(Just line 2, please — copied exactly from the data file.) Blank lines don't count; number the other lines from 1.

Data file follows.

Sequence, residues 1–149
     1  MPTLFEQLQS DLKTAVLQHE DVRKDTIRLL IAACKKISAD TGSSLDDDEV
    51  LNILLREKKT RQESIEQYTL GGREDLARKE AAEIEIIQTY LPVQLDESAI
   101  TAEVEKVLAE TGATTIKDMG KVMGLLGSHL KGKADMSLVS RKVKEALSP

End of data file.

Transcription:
     1  MPTLFEQLQS DLKTAVLQHE DVRKDTIRLL IAACKKISAD TGSSLDDDEV